Fig. 2

Parallel coordinate plot of the normalized scores of the non-dominated pathways

Figure 3 shows the resulting Adaptation Pathways Map and associated scorecard. To arrive at this figure, we took several steps. First, in case of several families of actions, it is not possible to scale back; for example, it is not possible to lower a dike. If a less severe action is preceded by a more severe action, the less severe action is ignored. Second, we analyzed the timing of the adaptation tipping points. This showed that there are pathways that contain actions that are hardly ever or never reached. We removed these actions from the pathway. Third, we ignored the difference in adaptation tipping points arising from differences in rules. Fourth, we used the normalized values for the robustness scores, as shown in Fig. 2. These steps produced 11 unique pathways.
Fig. 3

The resulting Adaptation Pathways Map containing the final set of pathways. (Note that the timing of the transfer stations is based on the median value of the adaptation tipping point across the 150 scenarios)

It is worth noting that this set of pathways contains either very expensive solutions (the dike raising pathways) that are also very effective in reducing casualties and damage, or very cheap solutions with more severe casualties and damages. Moreover, we see that the resulting pathways contain at most two solutions. We suggest that this is primarily due to the robustness metric. Remember, we searched for solutions that have both a low median value as well as a low interquartile distance. This implies that we have searched for solutions where the costs are quite similar across the set of 15 scenarios. For costs, this is a debatable way of defining robustness. A major argument for adaptation pathways is that it can potentially reduce costs. That is, the distribution of costs for an attractive flexible solution across a range of scenarios is skewed towards the lower side. This negative skewness is not considered by the robustness metric we used.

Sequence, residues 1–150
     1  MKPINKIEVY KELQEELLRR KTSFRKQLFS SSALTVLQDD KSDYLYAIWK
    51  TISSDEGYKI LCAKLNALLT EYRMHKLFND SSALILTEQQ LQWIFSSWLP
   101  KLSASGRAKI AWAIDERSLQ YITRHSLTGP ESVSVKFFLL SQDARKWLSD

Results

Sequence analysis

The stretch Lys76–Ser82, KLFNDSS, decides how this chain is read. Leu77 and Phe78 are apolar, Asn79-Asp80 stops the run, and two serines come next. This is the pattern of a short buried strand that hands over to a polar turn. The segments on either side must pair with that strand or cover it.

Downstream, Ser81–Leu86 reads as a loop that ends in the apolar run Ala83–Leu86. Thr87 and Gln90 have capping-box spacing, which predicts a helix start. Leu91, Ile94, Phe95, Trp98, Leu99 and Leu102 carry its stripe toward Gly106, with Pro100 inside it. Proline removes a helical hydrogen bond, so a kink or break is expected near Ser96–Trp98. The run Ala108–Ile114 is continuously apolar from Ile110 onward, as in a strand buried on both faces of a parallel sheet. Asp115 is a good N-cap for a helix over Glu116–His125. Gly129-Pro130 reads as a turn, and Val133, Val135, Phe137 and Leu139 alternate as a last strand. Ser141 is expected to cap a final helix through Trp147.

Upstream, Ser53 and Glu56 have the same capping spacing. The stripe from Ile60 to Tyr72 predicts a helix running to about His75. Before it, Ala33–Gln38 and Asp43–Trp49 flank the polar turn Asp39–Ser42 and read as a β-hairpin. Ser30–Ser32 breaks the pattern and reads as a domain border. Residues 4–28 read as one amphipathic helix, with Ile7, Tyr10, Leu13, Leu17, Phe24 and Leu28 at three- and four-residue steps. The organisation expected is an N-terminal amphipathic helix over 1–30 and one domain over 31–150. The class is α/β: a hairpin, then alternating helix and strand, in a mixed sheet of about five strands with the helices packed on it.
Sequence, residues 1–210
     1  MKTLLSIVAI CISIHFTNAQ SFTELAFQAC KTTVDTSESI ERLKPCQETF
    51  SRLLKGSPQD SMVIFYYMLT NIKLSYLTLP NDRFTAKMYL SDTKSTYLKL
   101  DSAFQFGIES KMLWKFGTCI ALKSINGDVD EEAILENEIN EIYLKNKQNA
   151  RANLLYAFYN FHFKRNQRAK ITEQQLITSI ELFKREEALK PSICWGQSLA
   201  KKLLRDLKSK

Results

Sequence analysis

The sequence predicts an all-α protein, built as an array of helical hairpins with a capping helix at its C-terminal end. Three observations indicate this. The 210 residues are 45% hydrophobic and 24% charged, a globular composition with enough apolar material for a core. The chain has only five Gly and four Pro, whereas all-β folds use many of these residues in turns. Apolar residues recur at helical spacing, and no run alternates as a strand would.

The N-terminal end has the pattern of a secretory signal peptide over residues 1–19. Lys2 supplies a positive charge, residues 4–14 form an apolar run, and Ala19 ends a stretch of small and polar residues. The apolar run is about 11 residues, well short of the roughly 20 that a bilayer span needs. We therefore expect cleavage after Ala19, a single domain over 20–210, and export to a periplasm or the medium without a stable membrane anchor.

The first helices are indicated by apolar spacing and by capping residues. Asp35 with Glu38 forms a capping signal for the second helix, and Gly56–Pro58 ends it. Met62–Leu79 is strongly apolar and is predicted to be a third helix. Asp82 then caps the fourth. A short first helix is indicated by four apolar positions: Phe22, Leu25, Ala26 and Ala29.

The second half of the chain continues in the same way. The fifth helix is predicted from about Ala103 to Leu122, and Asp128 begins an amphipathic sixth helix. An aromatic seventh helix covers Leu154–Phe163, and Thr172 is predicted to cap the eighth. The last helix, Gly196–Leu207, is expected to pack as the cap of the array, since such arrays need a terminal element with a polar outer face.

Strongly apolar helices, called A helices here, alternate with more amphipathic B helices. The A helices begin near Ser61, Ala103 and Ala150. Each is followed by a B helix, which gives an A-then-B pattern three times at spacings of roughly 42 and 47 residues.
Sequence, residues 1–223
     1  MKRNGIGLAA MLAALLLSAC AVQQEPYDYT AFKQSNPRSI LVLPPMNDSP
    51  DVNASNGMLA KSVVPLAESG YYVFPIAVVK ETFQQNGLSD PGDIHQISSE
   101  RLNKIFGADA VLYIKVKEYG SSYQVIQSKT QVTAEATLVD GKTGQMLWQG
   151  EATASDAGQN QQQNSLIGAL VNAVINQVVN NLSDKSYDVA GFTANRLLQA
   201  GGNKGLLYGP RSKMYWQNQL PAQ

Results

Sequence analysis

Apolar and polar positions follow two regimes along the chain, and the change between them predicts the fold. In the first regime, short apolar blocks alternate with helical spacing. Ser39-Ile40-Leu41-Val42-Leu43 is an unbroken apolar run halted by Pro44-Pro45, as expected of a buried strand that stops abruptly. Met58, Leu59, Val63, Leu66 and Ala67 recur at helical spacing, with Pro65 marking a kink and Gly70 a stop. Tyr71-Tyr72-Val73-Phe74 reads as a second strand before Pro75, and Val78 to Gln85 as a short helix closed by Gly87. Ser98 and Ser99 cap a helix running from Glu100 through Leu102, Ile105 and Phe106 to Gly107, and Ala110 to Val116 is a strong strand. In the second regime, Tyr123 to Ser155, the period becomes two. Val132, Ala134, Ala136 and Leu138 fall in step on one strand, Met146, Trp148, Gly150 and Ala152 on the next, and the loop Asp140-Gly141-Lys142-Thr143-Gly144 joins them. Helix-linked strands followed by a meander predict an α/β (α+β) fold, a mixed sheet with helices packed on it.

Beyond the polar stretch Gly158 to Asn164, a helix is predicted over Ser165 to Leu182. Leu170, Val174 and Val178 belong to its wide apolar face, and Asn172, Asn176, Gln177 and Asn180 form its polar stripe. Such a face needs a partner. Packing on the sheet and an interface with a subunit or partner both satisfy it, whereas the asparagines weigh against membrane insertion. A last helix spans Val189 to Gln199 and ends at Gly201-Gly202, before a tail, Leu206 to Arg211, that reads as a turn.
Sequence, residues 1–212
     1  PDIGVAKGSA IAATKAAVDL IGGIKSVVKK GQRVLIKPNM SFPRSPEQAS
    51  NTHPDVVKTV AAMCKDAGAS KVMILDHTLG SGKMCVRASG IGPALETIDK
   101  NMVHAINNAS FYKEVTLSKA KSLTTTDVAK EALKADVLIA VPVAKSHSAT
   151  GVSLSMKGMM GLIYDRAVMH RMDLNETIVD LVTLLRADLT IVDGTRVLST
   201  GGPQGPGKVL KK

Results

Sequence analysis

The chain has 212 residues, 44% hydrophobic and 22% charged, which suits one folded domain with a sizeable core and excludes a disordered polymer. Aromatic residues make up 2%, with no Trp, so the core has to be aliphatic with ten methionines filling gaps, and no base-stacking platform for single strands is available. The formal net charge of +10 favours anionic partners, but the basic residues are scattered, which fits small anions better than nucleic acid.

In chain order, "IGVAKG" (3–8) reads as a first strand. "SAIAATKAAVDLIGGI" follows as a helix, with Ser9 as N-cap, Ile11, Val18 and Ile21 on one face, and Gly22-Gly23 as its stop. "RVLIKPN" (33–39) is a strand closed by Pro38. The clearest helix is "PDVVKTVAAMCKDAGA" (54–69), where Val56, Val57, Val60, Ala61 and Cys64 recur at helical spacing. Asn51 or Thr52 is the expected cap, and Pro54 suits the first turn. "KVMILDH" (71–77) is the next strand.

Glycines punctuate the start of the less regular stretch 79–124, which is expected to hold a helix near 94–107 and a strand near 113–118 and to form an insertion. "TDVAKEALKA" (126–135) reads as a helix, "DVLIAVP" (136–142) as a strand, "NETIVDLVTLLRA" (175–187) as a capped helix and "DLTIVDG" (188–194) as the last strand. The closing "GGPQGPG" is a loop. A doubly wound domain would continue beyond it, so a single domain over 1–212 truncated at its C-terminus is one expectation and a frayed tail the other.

4 Discussion

The aim of using multi-objective robust optimization in this paper is not to replace decision-makers. Rather, we have used it as a decision support mechanism − a technique to search in a directed way for a diverse set of robust pathways. In this way, the space of candidate pathways is pruned substantially. By focusing on robustness, the multiplicity of futures spanned by the various uncertainties is also addressed. The final product of this approach is, purposefully, not a single best solution, but a map that shows the diverse set of robust candidate pathways. The actual decision-making process can then focus on translating this adaptation map into a plan of action ̶ that is, deciding which pathway or set of pathways to keep open to future developments, and what that implies for short-term actions and the establishment of a monitoring system.

We have chosen one particular way of defining robustness ̶ in the form of a satisficing criterion. Other definitions of robustness might result in a different set of Pareto optimal robust candidate pathways. This resulted in extreme policy actions, which are quite costly and very effective. However, decision-makers might find other actions with lower costs and slightly less effective, which are now dominated, acceptable as well. It would be interesting to explore the extent to which the choice of robustness operationalization affects the set of identified solutions.

We used NSGA-II for solving the multi-objective optimization problem. This is one of the best-known algorithms for solving these problems. However, in an extensive comparison of NSGA-II with more recent and more sophisticated algorithms, it was shown that NSGA-II can perform poorly in particular classes of problems (Reed et al. 2013). The approach that we have presented in this paper does not necessarily rely on NSGA-II. Other more modern algorithms can be used instead of NSGA-II, which might have even better performance characteristics. Of particular interest are auto-adaptive algorithms such as Borg (Hadka and Reed 2013), which tailor the various parameters that control the behavior of the algorithm to the specific characteristics of the problem (Reed et al. 2013).